1. The board length is minimum 9 feet measured from the nose to the tail on the deck of the surfboard. The width dimensions are to be a total minimum 51 inches in aggregate. This is the total of the widest point, plus the width 12 inches up from the tail and 12 inches back from the nose
  2. The board will have a single central fin that may be permanently fixed or attached via a fin box. There must be no provision for any other fin configuration
  3. The rails of the surfboard will be 50/50 or 60/40 from nose to tail.
  4. The board will have no resin edge from rail to tail.
  5. The fin will be at least 8 inches from its mounted base to the highest point
  6. The board will weigh a minimum of six (6) kilograms
  7. A provision for attaching a leg rope should be attached / inserted into the surf board. The use of leg ropes will determined by the conditions and at contest director’s discretion



We are aiming to get back to the “core” of our sport in the Old Mal Discipline and to link it into the “style of the times”, the original judging criteria applicable for 1965 is as follows:

“A surfer will be judged and given the maximum points for sliding at the greatest speed, the longest distance possible, in the most dangerous part of the wave with the greatest functional manoeuvrability”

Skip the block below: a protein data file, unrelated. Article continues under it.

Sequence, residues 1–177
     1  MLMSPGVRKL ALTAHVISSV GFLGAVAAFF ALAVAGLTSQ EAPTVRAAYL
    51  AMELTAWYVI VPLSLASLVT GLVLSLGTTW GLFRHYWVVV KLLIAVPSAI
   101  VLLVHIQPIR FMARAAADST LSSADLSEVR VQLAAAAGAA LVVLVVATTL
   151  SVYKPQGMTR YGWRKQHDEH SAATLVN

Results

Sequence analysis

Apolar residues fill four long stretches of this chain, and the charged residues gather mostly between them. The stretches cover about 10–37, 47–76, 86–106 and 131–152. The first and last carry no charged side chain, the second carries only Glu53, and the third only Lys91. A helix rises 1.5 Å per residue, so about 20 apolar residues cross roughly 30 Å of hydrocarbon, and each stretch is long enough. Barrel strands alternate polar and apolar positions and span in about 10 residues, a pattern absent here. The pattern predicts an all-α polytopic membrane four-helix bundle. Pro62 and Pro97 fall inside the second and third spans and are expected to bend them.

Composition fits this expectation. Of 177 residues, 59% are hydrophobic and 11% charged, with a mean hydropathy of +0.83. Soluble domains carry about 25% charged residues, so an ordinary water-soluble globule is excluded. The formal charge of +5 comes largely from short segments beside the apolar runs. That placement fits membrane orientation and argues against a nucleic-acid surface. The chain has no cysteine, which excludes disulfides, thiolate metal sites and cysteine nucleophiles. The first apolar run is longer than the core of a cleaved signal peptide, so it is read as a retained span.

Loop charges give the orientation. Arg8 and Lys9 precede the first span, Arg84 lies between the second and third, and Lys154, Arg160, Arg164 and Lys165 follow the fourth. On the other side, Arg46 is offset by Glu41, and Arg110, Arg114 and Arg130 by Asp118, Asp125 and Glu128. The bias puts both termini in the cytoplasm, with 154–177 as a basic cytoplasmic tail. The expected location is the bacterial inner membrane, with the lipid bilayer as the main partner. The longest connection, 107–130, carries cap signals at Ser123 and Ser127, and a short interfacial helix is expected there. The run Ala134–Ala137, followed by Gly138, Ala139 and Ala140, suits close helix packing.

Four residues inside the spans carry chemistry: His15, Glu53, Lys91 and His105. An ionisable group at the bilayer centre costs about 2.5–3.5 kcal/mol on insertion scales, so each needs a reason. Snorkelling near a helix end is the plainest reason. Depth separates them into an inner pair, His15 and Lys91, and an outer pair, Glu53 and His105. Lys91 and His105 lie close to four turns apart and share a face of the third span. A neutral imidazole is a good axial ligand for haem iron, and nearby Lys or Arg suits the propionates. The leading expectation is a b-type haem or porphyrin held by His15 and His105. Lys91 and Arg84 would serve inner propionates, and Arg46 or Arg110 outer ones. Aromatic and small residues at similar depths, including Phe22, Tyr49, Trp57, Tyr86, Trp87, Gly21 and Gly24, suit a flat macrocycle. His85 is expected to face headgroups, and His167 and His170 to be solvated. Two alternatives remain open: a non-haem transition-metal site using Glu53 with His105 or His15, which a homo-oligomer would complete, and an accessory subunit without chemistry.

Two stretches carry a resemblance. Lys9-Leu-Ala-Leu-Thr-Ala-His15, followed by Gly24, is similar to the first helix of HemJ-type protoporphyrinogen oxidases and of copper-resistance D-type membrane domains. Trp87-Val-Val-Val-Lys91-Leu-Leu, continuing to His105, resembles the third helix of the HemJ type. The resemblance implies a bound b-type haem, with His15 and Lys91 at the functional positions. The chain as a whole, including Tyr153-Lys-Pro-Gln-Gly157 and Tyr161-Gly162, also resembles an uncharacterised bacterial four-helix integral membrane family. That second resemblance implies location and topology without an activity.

Style and flow, choice of traditional manoeuvres and the way they are presented and linked, combined with the requirements of the basic criteria) is what judges should now be looking for in judging “OLD MAL” heats.



A SUP Division has been included in The Wrecks and Relics since 2010. Specialist judges can be invited to assess the surfing in these heats. The Judging Criteria is detailed below for the understanding and application of the competitors.

SUP surfing is unique so it is important identify criteria’s that set it apart from long boarding.  The paddle is a tool and a big part of the sport therefore it is not just used to help catch a wave, but is necessary as an aid for riding the waves.

Judging Criteria:  The primary judging criteria of ‘controlled and committed manoeuvres, in the most critical part of the wave, demonstrated with the greatest degree of difficulty’ equally applies to SUP surfing.  In addition a surfer must demonstrate board-handling skills in the transition phase (end of one wave to paddle-in to next one) and the surfing phase of their performance, for it to be considered complete.